Remote work trends in 2024 (analysis of 1M fully remote jobs)

As we reflect on the evolution of remote work over the past four years since the onset of the COVID-19 pandemic, it's essential to understand the current state of remote work. To gain insights into this, a comprehensive analysis of 1 million remote job openings from the past two years was conducted. The analysis aimed to explore several key aspects of remote work trends, including the percentage of remote job postings, the types of jobs most likely to be remote, the prevalence of remote work in leadership roles compared to individual contributors, salary comparisons between remote and non-remote jobs, the popularity of remote work in different countries, the migration of remote jobs outside the US, and the impact of remote work culture on job satisfaction. The data for this analysis was sourced from, a company that provides job postings and hiring trends data to financial institutions, encompassing a diverse range of job opportunities from various industries and countries.

### Trends in Remote Job Postings

The analysis included an examination of the percentage of remote job postings over the past year to identify any discernible trends in the prevalence of remote work opportunities. This assessment aimed to determine whether the proportion of remote job openings has exhibited a gradual decline or remains consistently high, signifying the enduring nature of remote work.

### Types of Jobs Likely to Be Remote

An examination of the types of jobs most likely to be remote was conducted to identify whether certain roles, such as those in technology, marketing, or customer service, are more predisposed to remote work arrangements.

### Remote Work in Leadership Roles vs. Individual Contributors

A crucial aspect of the analysis involved comparing the likelihood of remote work arrangements for leadership positions against those for individual contributors. This investigation sought to ascertain whether leadership roles are more or less likely to be designated as remote compared to non-leadership roles.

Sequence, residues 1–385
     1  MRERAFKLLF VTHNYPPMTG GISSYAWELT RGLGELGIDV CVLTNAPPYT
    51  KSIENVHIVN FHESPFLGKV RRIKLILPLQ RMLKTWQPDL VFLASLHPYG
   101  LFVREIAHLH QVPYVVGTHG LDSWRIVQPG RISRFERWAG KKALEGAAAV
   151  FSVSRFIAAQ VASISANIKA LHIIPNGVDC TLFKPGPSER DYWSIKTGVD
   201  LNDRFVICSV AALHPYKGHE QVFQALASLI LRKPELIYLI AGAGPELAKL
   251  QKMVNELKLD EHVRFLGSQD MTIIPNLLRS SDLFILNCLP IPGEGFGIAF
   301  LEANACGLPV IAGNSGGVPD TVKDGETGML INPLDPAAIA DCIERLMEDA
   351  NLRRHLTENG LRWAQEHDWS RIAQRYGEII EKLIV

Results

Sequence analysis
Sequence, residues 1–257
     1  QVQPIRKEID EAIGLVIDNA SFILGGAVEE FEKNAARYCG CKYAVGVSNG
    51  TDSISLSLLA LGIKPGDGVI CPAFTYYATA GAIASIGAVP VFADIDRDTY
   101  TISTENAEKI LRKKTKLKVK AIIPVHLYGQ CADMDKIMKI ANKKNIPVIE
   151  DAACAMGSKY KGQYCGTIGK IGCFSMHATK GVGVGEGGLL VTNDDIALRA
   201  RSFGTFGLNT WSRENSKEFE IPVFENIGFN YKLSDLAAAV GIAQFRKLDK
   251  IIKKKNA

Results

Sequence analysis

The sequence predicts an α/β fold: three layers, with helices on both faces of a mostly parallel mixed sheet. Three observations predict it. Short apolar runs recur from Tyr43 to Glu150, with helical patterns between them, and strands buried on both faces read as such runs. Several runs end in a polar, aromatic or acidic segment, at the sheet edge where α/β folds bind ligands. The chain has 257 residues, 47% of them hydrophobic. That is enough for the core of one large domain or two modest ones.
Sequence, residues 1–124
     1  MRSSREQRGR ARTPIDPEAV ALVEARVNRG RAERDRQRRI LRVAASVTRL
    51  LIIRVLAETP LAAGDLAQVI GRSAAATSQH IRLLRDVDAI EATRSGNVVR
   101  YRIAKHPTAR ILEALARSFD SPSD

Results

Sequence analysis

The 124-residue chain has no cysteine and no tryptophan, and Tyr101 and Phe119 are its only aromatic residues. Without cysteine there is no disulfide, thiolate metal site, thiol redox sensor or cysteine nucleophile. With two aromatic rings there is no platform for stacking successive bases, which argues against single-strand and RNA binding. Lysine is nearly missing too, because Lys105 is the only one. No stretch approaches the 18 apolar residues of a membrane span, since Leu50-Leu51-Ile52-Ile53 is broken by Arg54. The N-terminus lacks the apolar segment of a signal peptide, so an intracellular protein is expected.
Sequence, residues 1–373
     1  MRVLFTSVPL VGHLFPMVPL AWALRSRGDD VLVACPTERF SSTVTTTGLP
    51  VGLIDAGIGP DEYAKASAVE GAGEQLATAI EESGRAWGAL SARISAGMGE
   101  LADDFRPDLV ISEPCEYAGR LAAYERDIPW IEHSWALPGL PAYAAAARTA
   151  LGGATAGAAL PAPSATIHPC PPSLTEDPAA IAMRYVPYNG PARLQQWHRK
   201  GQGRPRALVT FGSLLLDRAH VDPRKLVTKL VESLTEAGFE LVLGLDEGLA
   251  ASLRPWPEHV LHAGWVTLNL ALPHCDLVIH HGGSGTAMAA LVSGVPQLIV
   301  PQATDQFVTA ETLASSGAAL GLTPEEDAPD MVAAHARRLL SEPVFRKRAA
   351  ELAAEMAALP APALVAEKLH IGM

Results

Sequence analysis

### Salary Comparisons for Remote vs. Non-Remote Jobs

To provide a comprehensive perspective on remote work, the analysis included a comparison of salaries for remote jobs with those for non-remote positions. This comparison aimed to discern any variations in compensation between remote and traditional in-office roles.

### Popularity of Remote Work in Different Countries

In addition, the analysis delved into the geographical prevalence of remote work, identifying the countries where remote work is most popular and exploring which regions have experienced the highest growth in remote job opportunities. This assessment also considered whether there has been a notable increase in remote jobs located outside the United States.

### Impact of Remote Work Culture on Job Satisfaction

Lastly, the analysis involved an evaluation of the correlation between remote work culture and job satisfaction. This exploration aimed to determine whether companies with a strong remote work culture exhibit higher levels of employee satisfaction and engagement.

The findings of this comprehensive analysis are poised to shed light on the current trajectory of remote work, providing valuable insights into its prevalence, impact on job roles and salaries, geographical distribution, and influence on employee satisfaction. This analysis aims to offer crucial data-driven perspectives that can inform discussions about the future of remote work as we transition into a new era of work dynamics.  

The share of remote job postings is up 10% from a year ago, and up 31% from 6 months ago, after a steady decline since mid-2022

After a steady decline since early 2022, the % share of remote jobs is starting to rise again. The % of global job postings listed as remote is up 10% from a year ago and 31% from 6 months ago. Interestingly, the share of remote jobs has increased even more in public companies than in startups.

The share of remote job postings for public companies rose 45% from a year ago and is almost at its all-time high in early 2022. In contrast, for startups, the share rose just 9.8% from a year ago.